By Calla Cofield
It’s been said that physicists never do anything the easy way, and the APS Outreach Department is no exception. To randomly select a grand-prize winner for its annual PhysicsQuest contest for middle school classes, APS abandoned the traditional method of drawing raffle tickets, and randomly generated a binary number by flipping a coin. Each of the 1032 eligible classes was assigned an 11-digit binary number in the order they submitted their answers. A coin was flipped for each digit–each heads representing a one and each tails representing a zero.
To make things even more interesting, APS recruited some very special coin flippers–the kids at the American Center for Physics daycare center. The well-behaved youngsters flipped their quarters as best they could (though most simply threw them in the air), and were then told to hold their hands over the coins as the results were recorded. Because most of the numbers (anything under 1024) began with a zero, there was a good chance that a “heads” flip in the first spot would generate a number too large, and all coins would have to be flipped again. It only took two tries to get 00010111100, or, number 188: Jan Aschim’s 4th period 8th grade class from Rockford, Illinois. To spare the kids from a whole afternoon of coin flipping, the five runner-up classes were chosen using an on-line random number generator.
The students in the winning class will all receive iPod Shuffles, along with some fun science gadgets from Educational Innovations. Five runner-up classes will also receive science gadgets for each student and a $100 gift certificate to Educational Innovations.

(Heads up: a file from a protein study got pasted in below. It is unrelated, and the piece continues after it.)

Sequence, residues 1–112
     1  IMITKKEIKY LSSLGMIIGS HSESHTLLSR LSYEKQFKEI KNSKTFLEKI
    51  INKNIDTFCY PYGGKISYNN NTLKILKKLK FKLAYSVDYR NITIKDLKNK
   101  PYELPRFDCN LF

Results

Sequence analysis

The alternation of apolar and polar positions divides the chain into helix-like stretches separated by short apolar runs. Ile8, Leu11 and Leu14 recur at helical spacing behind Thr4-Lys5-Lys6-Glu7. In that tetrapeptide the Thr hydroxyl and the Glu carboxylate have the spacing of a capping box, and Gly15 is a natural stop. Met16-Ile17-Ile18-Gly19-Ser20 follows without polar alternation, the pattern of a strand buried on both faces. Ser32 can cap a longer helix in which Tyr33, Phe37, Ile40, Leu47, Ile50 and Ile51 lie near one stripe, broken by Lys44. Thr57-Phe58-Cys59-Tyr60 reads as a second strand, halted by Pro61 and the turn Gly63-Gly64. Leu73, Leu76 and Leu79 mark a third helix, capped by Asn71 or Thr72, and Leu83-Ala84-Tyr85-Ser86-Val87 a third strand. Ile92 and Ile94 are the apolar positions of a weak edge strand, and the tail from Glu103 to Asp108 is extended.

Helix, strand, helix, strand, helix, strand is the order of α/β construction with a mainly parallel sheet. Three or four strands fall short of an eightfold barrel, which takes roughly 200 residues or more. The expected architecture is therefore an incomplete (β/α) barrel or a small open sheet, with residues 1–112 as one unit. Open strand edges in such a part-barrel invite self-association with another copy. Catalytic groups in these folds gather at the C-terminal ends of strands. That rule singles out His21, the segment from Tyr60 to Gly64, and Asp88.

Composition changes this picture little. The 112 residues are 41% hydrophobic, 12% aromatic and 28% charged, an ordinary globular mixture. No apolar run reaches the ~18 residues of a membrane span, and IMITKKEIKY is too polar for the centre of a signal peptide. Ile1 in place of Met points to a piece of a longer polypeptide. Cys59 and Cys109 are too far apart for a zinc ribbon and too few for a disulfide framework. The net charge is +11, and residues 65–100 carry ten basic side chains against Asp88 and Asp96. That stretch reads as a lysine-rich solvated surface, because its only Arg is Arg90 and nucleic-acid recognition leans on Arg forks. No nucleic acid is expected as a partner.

PhysicsQuest is an APS activity kit given free of charge to middle school classes who request it. An activity book and small set of supplies help students perform classroom experiments that have a different theme each year. Results from carefully conducted experiments help the students solve a physics-themed mystery. This year’s PhysicsQuest mystery focused on Marie Curie and the secret classes she took in Russian-occupied Poland. Women were not allowed to attend the local university, so Curie met with professors and other female students in secret.
This year’s experiments involved temperature, heat and energy. They included measuring temperature by touch vs. with a thermometer; using dye to observe the speed of molecules in cold water vs. warm water; creating your own bulb thermometer to show the change that materials undergo with temperature change; and measuring the creation of heat through energy release by rubbing your hands together, or adding yeast to hydrogen peroxide. The experiments showed students the importance of precision instruments and the effects of heat and energy on materials. Each class had to submit a correct set of answers to be entered into the drawing.
The very surprised Ms. Aschim said the students were proud of their victory, walking around saying “We really did something!”
Students are supposed to solve the PhysicsQuest problems on their own, which Aschim says was a challenge for some students. “At first it was hard for them because they were so used to me helping them. Some were slower than others, but they just sat and worked through it. I liked to hear them talking back and forth trying to work out the problems,” she said. Visit PhysicsQuest